No one starts a courtship--or rather, no one in his senses ought to do
so--without first being clear
in his mind what he intends to achieve by that courtship and how he intends to conduct it.
from my ebook, Clausewitz: On the Winning of a Woman
Carl (Karl) von Clausewitz is famous for his book, ON WAR which is considered a classic, and perhaps the most influential work on military strategy in the Western world. Called VOM KRIEGE, in the original German, it has been translated into every major language and has been used in military academies, influencing people in the business world, as has been studied by Eisenhower, Patton, Kissinger, Mao, and many other leaders. Whether "business" is "war," and whether "war" is "politics," and what's "real" war and what's "true" war is not nearly as compelling to the enlightened reader, as the concepts of strategy that Clausewitz understands so well. What it is, and what it is not. As Jack Welch put it, strategy is not a long action plan carved in stone, it must evolve to meet continually changing circumstances. The best laid plans of mice and men, often go astray.
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<--Here is a good secondary source to read.
From Jack Welch: "Von Clausewitz summed up what it had all been about in his classic On War. Men could not reduce strategy to a formula. Detailed planning necessarily failed, due to the inevitable frictions encountered: chance events, imperfections in execution, and the independent will of the opposition. Instead, the human elements were paramount: leadership, morale, and the almost instinctive savvy of the best generals. The Prussian general staff, under the elder von Moltke, perfected these concepts in practice. They did not expect a plan of operations to survive beyond the first contact with the enemy. They set only the broadest of objectives and emphasised seizing unforeseen opportunities as they arose. Strategy was not a lengthy action plan. It was the evolution of a central idea through continually changing circumstances."
|Sadly, many people apparently think the most important statement to
War is "war is merely the continuation of policy by other
means." For instance, John Keegan, in his classic,
A History of Warfare, seemingly devotes hundreds of pages to
this; while, at least to this reader and coach, that statement is one of
the less interesting things Clausewitz makes. It could even be a
mistranslation, given the complicated German in which the original is
written; so complicated even modern-day Germans prefer to read an
Friction, for instance, is a far more important concept to understand.
There are many fascinating things about this man, Karl von Clausewitz, who started soldiering at the age of 13, including that his lifelong love affair with his wife was considered legendary.
Strategy is all, and the intelligent use of its application.
In my ebook, "Clausewitz: The Strategy of Winning a Woman" I take a look at how his theories of strategy for war apply to the winning and keeping of a woman, the most important conquest of all. (And Clausewitz says that a strategy without a heart, is no strategy at all.)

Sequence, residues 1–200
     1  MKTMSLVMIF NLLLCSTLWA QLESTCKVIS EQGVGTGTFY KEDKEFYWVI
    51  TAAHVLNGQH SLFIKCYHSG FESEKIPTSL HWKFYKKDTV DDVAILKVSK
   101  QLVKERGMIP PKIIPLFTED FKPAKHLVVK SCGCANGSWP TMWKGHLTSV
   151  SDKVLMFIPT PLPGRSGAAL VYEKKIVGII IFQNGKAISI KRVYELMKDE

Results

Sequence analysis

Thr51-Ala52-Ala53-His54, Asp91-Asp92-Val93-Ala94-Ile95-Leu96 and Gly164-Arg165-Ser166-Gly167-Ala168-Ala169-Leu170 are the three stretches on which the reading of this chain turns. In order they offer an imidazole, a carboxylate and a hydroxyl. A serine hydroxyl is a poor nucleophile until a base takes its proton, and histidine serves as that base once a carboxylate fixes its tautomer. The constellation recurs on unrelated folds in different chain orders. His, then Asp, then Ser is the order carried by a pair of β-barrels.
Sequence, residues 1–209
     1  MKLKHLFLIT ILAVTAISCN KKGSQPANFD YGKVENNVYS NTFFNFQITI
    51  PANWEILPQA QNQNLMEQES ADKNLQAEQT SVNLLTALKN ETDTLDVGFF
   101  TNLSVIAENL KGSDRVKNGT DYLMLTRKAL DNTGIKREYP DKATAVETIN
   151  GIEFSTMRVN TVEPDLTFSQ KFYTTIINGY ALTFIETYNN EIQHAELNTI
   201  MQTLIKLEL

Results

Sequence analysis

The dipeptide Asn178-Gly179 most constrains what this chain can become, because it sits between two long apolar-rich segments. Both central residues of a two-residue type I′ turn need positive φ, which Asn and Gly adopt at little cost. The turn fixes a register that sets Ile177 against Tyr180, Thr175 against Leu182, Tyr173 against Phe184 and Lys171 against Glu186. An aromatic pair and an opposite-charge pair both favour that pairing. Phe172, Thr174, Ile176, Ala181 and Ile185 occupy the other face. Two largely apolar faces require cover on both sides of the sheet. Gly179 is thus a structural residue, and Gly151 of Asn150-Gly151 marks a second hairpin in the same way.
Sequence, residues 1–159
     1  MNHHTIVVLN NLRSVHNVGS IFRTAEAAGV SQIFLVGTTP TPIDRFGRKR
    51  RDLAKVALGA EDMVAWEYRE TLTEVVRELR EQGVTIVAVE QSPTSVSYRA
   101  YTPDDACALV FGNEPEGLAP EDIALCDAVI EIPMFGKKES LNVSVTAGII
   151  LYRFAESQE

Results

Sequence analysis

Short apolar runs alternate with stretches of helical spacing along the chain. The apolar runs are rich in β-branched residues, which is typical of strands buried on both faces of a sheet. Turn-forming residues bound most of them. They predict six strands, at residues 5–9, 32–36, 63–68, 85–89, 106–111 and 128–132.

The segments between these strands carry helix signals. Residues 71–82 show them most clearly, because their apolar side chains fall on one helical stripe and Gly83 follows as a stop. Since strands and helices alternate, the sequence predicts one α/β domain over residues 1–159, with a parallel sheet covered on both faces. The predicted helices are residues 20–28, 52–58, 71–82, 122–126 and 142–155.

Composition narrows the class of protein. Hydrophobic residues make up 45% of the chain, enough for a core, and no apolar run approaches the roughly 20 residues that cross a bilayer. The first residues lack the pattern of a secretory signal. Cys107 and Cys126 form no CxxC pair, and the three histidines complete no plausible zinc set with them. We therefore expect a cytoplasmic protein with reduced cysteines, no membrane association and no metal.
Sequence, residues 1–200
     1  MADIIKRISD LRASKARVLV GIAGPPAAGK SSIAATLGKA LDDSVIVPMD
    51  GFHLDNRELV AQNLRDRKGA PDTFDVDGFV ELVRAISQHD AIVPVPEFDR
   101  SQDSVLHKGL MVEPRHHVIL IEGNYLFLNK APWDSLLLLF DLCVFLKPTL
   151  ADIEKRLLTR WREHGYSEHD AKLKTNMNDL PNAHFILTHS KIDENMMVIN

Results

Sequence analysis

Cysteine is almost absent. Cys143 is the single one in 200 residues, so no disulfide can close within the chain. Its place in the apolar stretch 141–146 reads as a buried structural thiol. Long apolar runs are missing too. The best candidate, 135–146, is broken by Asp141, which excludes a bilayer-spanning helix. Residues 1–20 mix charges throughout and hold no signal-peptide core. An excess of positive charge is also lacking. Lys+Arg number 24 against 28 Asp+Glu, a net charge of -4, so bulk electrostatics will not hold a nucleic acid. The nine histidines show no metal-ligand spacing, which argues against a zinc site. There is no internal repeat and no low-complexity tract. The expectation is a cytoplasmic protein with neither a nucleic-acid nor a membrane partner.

To order the ebook, Clausewitz: The Strategy of Winning a Woman, click here. Let us begin with a paraphrase: “No one starts a courtship--or rather, no one in his senses ought to do so--without first being clear in his mind what he intends to achieve by that courtship and how he intends to conduct it.”
QUOTES FROM CLAUSEWITZ
They are almost a compendium of Emotional Intelligence.
- "The activities characteristic of war may be split into two main categories: those that are merely preparations for war, and war proper. "
- "Tactics teaches the use of armed forces in the engagement; strategy, the use of engagements for the object of the war."
- "In tactics the means are the fighting forces . . . the end is victory." "The original means of strategy is victory -- that is, tactical success; its ends . . . are those objects which will lead directly to peace." Strategy . . . confers a special significance . . . on the engagement: it assigns a particular aim to it."
- "Earlier theorists aimed to equip the conduct of war with principles, rules, or even systems, and thus considered only factors that could be mathematically calculated (e.g., numerical superiority; supply; the base; interior lines). All these attempts are objectionable, however, because they aim at fixed values. In war everything is uncertain and variable, intertwined with psychological forces and effects, and the product of a continuous interaction of opposites."
- "Theory becomes infinitely more difficult as soon as it touches the realm of moral values."
- "Thus it is easier to use theory to organize, plan, and conduct an engagement than it is to use it in determining the engagement’s purpose."
- "Theory then becomes a guide to anyone who wants to learn about war from books; it will light his way, ease his progress, train his judgment, and help him to avoid pitfalls."
- "Theory ... is an analytical investigation leading to a close acquaintance with the subject."
- "Defense is the stronger form of waging war ...[D]efense has a passive purpose: preservation; and attack a positive one: conquest. . . . If defense is the stronger form of war, yet has a negative object, if follows that it should be used only so long as weakness compels, and be abandoned as soon as we are strong enough to pursue a positive object."
- "A major battle in a theater of operations is a collision between two centers of gravity; the more forces we can concentrate in our center of gravity, the more certain and massive the effect will be."
- “No one starts a war--or rather, no one in his senses ought to do so--without first being clear in his mind what he intends to achieve by that war and how he intends to conduct it.”
- "The acts we consider most important for the defeat of the enemy are . .
--- Destruction of his army, if it is at all significant